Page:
JUGHNE Member Posts: 11,021
    Thank you.
    Yes max solar gain in winter but minimal heat gain in the summer.

    Also, the advantage of cross ventilation in the cooling season.
    The north room windows/doors will flow air thru the entire house in either direction.

    This was taken June 21, summer Solstice. All the first floor glass is shaded by the over hang.

    The over hang is 30". The soffit and inside ceiling are at the same elevation height wise.
    What you see different on the outside is about the same 12" of wall above the windows as you see inside.

    The roof trusses were designed and built on site to accommodate the soffit elevation.
    This also would be considered an "energy truss" as it allows for at least 12" of attic insulation right above the outside walls.

    There are only 2 west windows and one east window to cut down on solar gain in the summer.

    It has to be a couple of days of near 90 degrees to have to run the AC.
    Night time breeze cools house for the next day.

    But this is on a 2 acre lot. So we get full south wind in the summertime. And trees on the north block the winter winds.

    You can see it is the drought time of the year. With a good rain the grass greens up nicely.

  • The Steam Whisperer
    The Steam Whisperer Member Posts: 1,214
    Nice to see someone taking advantage of simple, solid site planning with solar. What you have there is exactly what we learned at IIT in the Architecture program. Typically the passive solar savings in the winter used to calculated at around 30% in Chicago.....Its probably much higher with well insulated structures. When I built my garage for my last home it was 24ft north/south and 34 feet east/ west, 2x6 insulated wall and ceilings with drywall. I put in 3 large 4ft x 6 ft standand fixed thermopane windows. With no supplementary heating, a milk jug of water in on the floor never even became slushy in the 3 winters we were there. The drywall still needed to be taped on some of the walls and ceiling still. I imagine your home cost nothing more than a typical home...just good design.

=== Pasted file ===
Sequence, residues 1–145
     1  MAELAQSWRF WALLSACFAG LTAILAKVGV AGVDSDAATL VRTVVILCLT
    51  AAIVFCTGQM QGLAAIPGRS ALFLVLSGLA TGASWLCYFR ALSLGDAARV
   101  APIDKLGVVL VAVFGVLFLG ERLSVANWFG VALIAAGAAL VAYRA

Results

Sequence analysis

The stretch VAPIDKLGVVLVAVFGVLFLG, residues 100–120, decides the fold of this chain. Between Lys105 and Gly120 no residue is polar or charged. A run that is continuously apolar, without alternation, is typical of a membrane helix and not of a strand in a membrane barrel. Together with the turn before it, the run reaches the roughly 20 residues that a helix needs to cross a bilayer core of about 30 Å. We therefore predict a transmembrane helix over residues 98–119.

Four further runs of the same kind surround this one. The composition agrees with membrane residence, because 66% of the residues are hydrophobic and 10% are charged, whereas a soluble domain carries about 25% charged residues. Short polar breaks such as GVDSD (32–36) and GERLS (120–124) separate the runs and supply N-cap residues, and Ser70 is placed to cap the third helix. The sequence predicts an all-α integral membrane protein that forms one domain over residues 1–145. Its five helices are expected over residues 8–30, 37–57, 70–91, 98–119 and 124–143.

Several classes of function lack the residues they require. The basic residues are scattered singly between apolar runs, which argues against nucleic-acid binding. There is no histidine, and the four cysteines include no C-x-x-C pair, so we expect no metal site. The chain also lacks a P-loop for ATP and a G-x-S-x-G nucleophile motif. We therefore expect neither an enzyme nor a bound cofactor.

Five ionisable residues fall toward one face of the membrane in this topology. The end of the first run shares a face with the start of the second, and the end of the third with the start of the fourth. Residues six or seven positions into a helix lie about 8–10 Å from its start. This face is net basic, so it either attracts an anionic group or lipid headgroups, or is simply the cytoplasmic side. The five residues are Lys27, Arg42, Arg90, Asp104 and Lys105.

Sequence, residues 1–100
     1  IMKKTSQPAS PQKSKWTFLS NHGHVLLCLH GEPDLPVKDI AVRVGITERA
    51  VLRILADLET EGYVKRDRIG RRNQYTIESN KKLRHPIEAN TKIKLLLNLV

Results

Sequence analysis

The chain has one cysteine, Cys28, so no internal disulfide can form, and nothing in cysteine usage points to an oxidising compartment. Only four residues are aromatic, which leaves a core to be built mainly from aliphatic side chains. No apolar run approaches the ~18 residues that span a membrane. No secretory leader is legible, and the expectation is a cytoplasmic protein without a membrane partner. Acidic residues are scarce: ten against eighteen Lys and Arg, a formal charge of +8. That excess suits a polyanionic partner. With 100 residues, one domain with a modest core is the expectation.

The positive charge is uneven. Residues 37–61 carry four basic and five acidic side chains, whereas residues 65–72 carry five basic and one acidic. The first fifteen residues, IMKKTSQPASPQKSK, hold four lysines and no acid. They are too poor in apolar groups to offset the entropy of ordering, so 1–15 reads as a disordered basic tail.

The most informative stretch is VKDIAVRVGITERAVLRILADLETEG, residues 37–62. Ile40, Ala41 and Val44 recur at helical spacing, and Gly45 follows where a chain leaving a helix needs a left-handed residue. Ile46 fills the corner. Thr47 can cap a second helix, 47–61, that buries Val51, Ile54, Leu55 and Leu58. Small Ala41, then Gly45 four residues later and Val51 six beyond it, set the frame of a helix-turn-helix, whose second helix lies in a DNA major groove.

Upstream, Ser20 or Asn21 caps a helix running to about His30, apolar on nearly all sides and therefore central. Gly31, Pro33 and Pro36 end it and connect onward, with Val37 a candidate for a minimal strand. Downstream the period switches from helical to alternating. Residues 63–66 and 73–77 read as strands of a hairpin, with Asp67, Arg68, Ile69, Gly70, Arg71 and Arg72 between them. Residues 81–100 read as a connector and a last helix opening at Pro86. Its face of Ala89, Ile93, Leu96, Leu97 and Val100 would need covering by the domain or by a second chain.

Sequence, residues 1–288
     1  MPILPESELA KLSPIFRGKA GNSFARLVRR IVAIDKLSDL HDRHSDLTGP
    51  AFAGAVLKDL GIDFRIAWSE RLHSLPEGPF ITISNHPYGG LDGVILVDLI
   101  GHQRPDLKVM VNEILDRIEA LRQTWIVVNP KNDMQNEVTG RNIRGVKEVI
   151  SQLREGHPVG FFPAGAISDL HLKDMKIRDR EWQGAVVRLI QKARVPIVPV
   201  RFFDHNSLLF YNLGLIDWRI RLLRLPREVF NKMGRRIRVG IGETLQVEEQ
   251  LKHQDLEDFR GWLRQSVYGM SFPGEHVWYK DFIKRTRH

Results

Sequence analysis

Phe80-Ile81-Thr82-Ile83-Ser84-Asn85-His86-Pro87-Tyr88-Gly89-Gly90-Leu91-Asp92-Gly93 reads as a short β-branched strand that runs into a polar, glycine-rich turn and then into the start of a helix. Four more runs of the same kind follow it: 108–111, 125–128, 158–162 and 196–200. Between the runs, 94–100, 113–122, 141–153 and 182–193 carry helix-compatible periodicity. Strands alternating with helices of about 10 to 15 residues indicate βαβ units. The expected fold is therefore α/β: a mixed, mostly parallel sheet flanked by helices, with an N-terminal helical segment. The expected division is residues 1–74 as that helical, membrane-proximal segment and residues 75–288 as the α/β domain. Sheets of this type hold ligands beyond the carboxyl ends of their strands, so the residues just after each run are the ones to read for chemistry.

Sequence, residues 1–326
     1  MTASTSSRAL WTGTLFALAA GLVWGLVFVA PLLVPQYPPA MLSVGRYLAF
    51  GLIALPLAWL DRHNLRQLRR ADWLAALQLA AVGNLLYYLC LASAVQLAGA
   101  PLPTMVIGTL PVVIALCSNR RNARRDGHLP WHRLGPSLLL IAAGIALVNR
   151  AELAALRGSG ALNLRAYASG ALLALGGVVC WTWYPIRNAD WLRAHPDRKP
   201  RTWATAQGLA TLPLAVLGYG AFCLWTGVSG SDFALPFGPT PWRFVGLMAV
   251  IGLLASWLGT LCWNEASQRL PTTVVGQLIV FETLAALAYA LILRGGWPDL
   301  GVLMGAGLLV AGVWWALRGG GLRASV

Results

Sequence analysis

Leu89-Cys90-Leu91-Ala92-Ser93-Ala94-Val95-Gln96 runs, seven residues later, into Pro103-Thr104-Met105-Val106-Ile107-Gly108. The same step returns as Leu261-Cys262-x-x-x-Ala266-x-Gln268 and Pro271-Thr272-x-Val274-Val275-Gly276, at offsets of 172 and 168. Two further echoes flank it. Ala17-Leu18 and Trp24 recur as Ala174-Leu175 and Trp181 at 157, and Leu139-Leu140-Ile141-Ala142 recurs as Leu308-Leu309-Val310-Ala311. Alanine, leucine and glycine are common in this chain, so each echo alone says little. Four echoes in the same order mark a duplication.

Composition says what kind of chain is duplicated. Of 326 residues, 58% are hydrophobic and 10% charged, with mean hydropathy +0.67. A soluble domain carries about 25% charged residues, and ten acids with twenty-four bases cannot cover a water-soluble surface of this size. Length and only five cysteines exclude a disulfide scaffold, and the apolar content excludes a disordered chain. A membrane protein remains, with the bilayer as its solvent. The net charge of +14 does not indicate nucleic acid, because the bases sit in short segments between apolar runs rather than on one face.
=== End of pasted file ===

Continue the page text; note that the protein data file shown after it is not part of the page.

To learn more about this professional, click here to visit their ad in Find A Contractor.
  • Jamie Hall
    Jamie Hall Member Posts: 22,934
    Nice. Very nice. But if I may say so... goes a long way to proving what I've been muttering for the last 40 years or so. Passive solar heated houses work, and work in some pretty miserable climates -- and they don't have to have any fancy tricks or look weird. Just good design.
    Br. Jamie, osb
    Building superintendent/caretaker, 7200 sq. ft. historic house museum with dependencies in New England
    JUGHNE Member Posts: 11,021
    We got the ideas from the early work of others done in the 70's.
    Even "The Mother Earth News", but one of the handiest most comprehensive books was "The Passive Solar Energy Book" by Edward Mazria. Published by Rodale Press 1979. 686 pages.

    We also looked at some Canadaian wall designs and methods of preventing air infiltration.
    We ended up with 2 x 6 wall with FG, covered by super poly vapour barrier...(Hey, it was Canadian info and they speak the Queen's English there....or French)
    Then that covered with 1" Styrofoam insulation covered with 5/8" SR.
    The belief is that if your vapor (vapour) barrier is behind only 1/3 of your R value (on the warm wall side) and the other 2/3 is cold wall that no condensing of water vapor will occur.
    The poly starts in the basement lying on the sill plate, around the rim joist, coming into the house, then up the walls, across the ceiling and back down the opposite exterior wall around the rim joist/sill and hanging into the basement. The rim joist is set 2" into/towards the interior and that 2" is insulated with styrofoam also.